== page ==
Norquist: Immigration is good for the GOP
Americans for Tax Reform head Grover Norquist says that large-scale immigration is good for America and the Republican Party — and that critics of easy immigration should get out of the way.
“There are a whole bunch of people who are listening to loud voices, some of whom claim to be Republican … talking about [employers] who didn’t fill out the paperwork, about going after [an immigrant’s] aunt,” said Norquist, whose opposition to tax increases has made him popular among Republicans and a hate-figure among progressives.
Once advocates for tighter immigration are sidelined, the GOP will be able to win votes from Hispanics and other recent immigrants, he said.
“Removing that threat [of deportation] from millions of Americans will make it possible to have a conversation with [immigrants] about tax policy and spending, and all the other issues we have with legal Americans.”
But his critics are numerous and equally vehement.
“Grover is an extremely effective lobbyist … [and] the thing about Grover is that he has clients who make big money off of immigration,” said Roy Beck, founder of advocacy group NumbersUSA, a non-partisan group which helped derail previous efforts to expand immigration.
“Grover is going to do everything in his power to prevent America having a middle class … it appears he thinks oligarchy is a better way to go. … You can’t have a Republican Party when you have a voting base that is impoverished and needs government assistance.”
Norquist has been pushing to rewrite immigration policy for many years, and he’s got his arguments down cold.
“We do immigration reform for the same reason we do tax reform: because it is good for the country,” Norquist told The Daily Caller. To Norquist, any reform that allows employers to hire foreigners when they are a better value than Americans will also help advocates of small government.
“All efforts that move towards the free market and fewer government restrictions are good for the party of liberty, because the more people live in liberty, the more people are willing to become Republicans,” he said.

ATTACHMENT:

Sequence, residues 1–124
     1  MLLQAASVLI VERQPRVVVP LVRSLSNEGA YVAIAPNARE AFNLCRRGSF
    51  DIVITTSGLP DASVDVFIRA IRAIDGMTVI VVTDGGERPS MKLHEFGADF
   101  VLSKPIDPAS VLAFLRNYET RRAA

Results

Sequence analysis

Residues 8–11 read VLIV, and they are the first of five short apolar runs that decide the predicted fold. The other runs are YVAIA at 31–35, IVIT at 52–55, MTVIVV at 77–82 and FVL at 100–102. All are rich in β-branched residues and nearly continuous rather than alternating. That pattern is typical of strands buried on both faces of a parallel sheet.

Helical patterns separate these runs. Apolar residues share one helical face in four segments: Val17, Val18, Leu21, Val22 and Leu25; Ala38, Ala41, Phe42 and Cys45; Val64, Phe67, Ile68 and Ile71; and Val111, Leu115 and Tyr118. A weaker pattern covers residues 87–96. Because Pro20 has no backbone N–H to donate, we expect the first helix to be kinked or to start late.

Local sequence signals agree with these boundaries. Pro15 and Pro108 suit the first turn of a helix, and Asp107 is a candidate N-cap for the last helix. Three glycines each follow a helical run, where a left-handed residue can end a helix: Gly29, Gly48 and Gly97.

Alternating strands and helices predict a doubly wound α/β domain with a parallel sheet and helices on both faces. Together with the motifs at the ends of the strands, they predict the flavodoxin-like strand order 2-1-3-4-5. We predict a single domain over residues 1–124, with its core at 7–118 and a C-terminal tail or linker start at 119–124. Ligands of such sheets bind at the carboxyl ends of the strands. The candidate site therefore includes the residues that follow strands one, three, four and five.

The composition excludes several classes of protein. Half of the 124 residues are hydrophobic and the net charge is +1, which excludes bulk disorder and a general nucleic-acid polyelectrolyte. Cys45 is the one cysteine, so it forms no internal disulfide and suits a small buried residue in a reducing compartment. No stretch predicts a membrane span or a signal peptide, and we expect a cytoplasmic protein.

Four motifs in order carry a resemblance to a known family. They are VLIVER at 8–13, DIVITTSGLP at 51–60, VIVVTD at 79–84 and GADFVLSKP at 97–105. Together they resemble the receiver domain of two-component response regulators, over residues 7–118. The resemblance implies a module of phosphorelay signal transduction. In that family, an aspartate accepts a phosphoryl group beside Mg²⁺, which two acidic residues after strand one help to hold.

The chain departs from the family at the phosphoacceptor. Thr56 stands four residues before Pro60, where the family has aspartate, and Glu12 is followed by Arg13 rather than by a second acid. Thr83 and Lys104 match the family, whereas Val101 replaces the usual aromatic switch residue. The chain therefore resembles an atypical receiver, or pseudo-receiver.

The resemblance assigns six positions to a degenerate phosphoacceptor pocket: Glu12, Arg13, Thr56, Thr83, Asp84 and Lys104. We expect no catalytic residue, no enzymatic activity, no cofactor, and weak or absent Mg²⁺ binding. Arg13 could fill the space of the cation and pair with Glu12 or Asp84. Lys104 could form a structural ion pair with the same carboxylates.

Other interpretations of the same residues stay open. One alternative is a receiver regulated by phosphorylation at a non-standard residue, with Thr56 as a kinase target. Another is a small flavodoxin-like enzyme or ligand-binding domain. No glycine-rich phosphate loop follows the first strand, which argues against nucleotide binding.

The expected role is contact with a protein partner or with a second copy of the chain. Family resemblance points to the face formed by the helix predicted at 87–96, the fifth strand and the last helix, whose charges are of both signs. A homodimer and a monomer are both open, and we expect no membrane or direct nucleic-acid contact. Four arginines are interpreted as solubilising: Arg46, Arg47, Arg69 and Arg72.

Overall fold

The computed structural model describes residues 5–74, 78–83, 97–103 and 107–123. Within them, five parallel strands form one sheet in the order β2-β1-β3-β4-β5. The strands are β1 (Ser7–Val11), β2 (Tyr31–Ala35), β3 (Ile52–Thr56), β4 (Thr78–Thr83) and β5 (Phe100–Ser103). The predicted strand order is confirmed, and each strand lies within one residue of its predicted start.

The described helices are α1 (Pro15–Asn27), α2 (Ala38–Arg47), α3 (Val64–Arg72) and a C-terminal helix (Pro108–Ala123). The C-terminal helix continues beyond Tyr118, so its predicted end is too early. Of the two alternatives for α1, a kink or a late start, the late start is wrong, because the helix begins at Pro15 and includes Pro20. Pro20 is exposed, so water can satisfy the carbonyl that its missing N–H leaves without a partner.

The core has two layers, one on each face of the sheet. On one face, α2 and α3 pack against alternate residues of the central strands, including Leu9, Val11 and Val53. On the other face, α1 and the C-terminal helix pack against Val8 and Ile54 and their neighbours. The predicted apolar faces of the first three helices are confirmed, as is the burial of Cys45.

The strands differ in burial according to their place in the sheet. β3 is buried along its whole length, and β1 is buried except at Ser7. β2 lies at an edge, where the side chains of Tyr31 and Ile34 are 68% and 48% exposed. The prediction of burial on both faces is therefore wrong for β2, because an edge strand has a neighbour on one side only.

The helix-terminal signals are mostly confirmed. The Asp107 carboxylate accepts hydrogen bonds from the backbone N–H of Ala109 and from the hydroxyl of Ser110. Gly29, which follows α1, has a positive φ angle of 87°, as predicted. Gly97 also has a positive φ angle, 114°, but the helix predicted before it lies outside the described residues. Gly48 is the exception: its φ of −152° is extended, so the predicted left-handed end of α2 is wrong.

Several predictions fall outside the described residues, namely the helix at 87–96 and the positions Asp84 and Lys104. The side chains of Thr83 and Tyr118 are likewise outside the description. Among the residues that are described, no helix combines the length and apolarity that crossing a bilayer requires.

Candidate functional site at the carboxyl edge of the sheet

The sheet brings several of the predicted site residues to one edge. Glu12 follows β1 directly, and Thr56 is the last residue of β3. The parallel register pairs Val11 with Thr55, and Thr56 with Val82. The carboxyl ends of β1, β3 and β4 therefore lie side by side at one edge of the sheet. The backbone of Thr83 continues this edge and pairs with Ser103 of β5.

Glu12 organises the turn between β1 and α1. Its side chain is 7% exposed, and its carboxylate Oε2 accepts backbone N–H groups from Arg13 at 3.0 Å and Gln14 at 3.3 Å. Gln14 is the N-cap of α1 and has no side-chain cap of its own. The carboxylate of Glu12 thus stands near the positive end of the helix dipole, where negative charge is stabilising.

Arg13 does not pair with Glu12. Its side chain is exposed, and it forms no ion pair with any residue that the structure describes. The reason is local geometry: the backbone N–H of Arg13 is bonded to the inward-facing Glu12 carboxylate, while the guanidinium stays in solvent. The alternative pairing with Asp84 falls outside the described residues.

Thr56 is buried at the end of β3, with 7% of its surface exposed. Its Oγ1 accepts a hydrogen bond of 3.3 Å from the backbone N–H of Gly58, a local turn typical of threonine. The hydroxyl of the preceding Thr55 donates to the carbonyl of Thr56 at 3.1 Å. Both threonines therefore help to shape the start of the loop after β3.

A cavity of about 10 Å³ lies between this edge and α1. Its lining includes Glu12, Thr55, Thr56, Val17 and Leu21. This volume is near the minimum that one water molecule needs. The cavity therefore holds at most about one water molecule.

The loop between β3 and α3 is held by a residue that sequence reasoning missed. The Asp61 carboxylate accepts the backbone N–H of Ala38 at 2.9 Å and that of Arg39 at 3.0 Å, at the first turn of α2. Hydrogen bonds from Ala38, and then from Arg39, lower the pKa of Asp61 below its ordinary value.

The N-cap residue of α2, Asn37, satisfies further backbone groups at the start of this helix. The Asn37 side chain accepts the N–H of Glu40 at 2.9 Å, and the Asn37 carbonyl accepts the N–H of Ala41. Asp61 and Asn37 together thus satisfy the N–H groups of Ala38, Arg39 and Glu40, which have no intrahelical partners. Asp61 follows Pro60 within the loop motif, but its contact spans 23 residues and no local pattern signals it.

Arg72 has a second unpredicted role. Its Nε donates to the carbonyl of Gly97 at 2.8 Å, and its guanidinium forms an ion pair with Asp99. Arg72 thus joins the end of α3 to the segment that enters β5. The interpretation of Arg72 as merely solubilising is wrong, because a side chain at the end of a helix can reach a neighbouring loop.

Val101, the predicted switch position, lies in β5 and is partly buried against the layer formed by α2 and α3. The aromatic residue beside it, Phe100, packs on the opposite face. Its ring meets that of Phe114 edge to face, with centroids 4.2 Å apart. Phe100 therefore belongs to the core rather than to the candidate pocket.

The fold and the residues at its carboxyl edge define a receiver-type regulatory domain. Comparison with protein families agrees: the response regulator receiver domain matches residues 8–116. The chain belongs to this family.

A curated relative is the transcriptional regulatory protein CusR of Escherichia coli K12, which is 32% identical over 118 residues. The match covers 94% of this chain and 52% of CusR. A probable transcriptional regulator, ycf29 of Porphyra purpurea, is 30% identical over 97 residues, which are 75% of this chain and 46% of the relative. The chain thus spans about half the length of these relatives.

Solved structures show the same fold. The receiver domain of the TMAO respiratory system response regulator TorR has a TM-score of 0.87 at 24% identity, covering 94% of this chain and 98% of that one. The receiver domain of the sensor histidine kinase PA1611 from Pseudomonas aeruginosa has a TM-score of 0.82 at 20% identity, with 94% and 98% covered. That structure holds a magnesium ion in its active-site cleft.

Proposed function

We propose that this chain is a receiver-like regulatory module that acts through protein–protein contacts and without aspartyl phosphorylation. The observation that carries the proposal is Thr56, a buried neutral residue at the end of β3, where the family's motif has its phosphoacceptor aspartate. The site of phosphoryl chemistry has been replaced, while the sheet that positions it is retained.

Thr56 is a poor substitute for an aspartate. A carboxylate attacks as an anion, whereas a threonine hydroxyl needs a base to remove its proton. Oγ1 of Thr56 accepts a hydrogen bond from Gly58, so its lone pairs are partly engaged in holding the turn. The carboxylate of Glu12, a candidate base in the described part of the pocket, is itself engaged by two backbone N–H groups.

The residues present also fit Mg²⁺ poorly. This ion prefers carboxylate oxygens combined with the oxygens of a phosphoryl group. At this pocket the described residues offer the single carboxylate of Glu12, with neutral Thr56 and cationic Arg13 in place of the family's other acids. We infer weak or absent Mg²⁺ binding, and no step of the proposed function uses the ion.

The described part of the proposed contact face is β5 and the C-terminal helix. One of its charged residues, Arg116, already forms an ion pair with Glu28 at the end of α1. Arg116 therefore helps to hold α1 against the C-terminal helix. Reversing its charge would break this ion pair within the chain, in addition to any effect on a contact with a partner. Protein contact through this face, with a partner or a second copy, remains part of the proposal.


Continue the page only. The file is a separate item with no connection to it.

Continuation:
To get there, Norquist wants immigration governed by the free market for labor. He backs few limits on who would arrive from where — Egypt or Ecuador, Bolivia or Bulgaria, Uzbekistan or Uruguay. The inflow “should be market-driven. … There isn’t a fixed number.”
Federal data show that roughly 20 million Americans are unemployed or underemployed, and that the wages of most Americans have been level or declining for decades. (RELATED ANALYSIS: Why immigrants stand to gain in President Barack Obama’s economy)
But the jobs will appear as the immigrants arrive, Norquist insisted, adding that high-tech employers say they already have 80,000 open jobs that could be filled by immigrants with H1-B visas for skilled labor.
“I want them filled tomorrow, not in two years,” he said, noting that Americans will get a first crack at jobs. Even when foreigners fill jobs, such as a chef in a restaurant, they also provide employment for others, according to Norquist.
“When you bring in these H1-B visa jobs, they create jobs for other people — you can’t have chefs if you don’t have guys waiting tables.”
Other countries have different approaches. Canada and the United Kingdom reject unskilled immigrants, while Japan is developing human-like robots to do low-skill jobs. But companies should be allowed to import low-skilled labor as they see fit, Norquist said.